Owning two or more assets and/or varying asset proportions affects the company's risk profile. Consider, for example, the following firm:
Company is short Asset A and long (Asset B+Asset C). (2)
For this example there are the dynamics of three different assets which have additional correlation benefits (A&B), (B&C), and (A&C). There is also the added dynamic that the company needs Asset A (which is short) to generate Assets B&C (which are long). The long positions are represented using positive signs and the short positions are represented using negative signs for the asset volumes and generate additional diversification effects. A general model for a company's risk exposures would be:
where s=the set of short assets and includes 1 to n items, and l=the set of long assets and includes 1 to m items. If desired, a user of a risk management system can also include input fuels needed for this process.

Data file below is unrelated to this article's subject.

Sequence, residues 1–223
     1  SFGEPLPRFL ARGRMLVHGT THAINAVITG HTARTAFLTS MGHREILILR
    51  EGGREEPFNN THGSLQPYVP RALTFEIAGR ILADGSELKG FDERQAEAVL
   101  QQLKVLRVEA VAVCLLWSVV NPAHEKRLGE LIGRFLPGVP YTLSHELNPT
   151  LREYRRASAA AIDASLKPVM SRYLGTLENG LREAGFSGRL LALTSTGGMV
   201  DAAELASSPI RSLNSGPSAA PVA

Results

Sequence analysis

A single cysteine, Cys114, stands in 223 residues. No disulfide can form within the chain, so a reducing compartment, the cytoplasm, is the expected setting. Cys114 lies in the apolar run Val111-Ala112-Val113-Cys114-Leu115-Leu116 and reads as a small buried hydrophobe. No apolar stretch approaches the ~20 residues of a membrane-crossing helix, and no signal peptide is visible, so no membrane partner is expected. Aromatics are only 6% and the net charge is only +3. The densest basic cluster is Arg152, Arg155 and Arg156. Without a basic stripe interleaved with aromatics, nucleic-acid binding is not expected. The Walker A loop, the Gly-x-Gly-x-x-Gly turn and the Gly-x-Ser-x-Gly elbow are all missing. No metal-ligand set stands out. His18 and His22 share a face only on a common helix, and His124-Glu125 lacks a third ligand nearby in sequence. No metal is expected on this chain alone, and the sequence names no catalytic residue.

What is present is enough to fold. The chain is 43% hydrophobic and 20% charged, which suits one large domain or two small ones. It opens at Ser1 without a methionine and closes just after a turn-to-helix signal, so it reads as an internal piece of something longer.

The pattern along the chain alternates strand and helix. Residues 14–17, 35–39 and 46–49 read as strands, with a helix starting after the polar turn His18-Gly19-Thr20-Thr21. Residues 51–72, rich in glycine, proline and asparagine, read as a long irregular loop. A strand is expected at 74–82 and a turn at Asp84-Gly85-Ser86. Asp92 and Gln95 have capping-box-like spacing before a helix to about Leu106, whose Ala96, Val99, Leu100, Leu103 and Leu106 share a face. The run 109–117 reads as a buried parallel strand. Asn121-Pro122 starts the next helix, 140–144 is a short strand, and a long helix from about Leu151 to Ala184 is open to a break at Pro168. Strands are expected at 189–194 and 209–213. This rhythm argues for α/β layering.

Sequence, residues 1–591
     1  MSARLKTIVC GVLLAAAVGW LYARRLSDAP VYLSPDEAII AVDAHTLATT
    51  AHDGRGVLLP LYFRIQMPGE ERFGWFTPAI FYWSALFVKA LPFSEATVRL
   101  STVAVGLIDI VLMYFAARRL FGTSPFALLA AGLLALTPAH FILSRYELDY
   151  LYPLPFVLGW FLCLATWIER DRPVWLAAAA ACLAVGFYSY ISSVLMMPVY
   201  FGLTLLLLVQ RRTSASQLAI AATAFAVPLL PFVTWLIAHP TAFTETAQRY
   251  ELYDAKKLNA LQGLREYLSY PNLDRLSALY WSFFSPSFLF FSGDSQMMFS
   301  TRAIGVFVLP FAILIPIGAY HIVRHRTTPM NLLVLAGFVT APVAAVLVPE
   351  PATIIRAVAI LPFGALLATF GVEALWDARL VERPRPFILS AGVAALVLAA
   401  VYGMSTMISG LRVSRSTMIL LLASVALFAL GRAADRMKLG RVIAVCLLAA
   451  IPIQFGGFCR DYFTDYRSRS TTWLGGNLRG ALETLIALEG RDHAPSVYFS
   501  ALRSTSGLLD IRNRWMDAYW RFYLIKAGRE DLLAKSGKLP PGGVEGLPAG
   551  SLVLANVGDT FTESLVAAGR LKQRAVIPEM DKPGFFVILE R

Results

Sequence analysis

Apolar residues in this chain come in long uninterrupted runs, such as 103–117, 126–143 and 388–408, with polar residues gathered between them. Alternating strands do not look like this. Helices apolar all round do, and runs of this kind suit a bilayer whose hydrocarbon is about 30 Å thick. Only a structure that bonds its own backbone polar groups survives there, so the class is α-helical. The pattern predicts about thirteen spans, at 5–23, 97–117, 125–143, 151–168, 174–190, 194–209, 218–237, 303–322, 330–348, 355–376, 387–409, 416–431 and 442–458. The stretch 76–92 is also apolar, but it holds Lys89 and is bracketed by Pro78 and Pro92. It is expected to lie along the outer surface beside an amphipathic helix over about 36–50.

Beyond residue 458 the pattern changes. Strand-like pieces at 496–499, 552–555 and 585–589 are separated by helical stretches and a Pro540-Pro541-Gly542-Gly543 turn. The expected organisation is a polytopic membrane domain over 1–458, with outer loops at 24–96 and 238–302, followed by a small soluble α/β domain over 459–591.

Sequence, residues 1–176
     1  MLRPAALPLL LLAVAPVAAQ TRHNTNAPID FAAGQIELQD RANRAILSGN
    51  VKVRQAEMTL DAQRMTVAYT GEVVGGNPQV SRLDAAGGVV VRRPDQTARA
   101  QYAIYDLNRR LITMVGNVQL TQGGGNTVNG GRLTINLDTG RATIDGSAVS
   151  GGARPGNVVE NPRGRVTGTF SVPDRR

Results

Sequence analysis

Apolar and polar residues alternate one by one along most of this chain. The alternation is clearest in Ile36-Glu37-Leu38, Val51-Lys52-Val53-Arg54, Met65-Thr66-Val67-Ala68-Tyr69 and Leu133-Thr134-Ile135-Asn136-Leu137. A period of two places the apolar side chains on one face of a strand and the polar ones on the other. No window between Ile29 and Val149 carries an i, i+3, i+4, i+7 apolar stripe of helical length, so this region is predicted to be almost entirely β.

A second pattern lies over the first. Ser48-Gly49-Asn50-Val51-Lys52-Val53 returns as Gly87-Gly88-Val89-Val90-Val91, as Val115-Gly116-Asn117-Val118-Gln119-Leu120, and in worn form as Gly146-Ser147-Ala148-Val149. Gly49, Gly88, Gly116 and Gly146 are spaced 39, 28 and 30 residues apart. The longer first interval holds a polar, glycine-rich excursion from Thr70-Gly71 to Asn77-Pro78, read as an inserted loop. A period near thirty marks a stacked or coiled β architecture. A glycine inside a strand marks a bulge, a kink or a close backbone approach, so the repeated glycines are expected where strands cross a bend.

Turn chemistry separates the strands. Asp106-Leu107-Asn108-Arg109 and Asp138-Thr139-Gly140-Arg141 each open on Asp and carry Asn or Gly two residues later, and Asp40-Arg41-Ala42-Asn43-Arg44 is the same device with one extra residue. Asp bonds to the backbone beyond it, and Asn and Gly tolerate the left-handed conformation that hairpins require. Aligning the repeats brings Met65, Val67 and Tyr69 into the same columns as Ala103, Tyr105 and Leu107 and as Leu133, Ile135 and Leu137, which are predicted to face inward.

Decision-makers at companies would benefit from the ability to make hedging decisions that lead to the development of a hedge program that supports the achievement of budgetary objectives by converting commodity prices and price curves to risked estimates of budgetary performance based on CFAR analysis using Monte Carlo simulations applied to the combined portfolio of physical and financial assets. Decision-makers could also benefit from a system that uses an iterative method to generate a performance risk profile which would track changes in performance estimates resulting from adjustments to the portfolio of assets. If the decision-makers decide that a change to the risk profile is necessary, the decision-makers may want to consider various changes to the portfolio, and then rerun the process to show the effect of the changes to the portfolio. Further, decision-makers would also benefit from a feedback mechanism, such as a method of updating the risk performance estimates systematically on a monthly or daily basis, so that the decision-makers may monitor changes in the revenue risk profile due to market prices and portfolio changes which occur during the observation period.